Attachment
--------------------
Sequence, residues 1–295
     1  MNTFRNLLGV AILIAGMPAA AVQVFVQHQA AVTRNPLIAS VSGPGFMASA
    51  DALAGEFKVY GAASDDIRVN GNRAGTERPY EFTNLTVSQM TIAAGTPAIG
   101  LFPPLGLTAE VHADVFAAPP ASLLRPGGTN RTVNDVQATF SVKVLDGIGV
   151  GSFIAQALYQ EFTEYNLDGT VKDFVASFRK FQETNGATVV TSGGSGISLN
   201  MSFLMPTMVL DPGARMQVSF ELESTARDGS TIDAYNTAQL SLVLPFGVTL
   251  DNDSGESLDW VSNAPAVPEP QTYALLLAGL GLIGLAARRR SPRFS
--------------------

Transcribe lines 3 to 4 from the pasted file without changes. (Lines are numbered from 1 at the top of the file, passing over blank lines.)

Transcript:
    51  DALAGEFKVY GAASDDIRVN GNRAGTERPY EFTNLTVSQM TIAAGTPAIG
   101  LFPPLGLTAE VHADVFAAPP ASLLRPGGTN RTVNDVQATF SVKVLDGIGV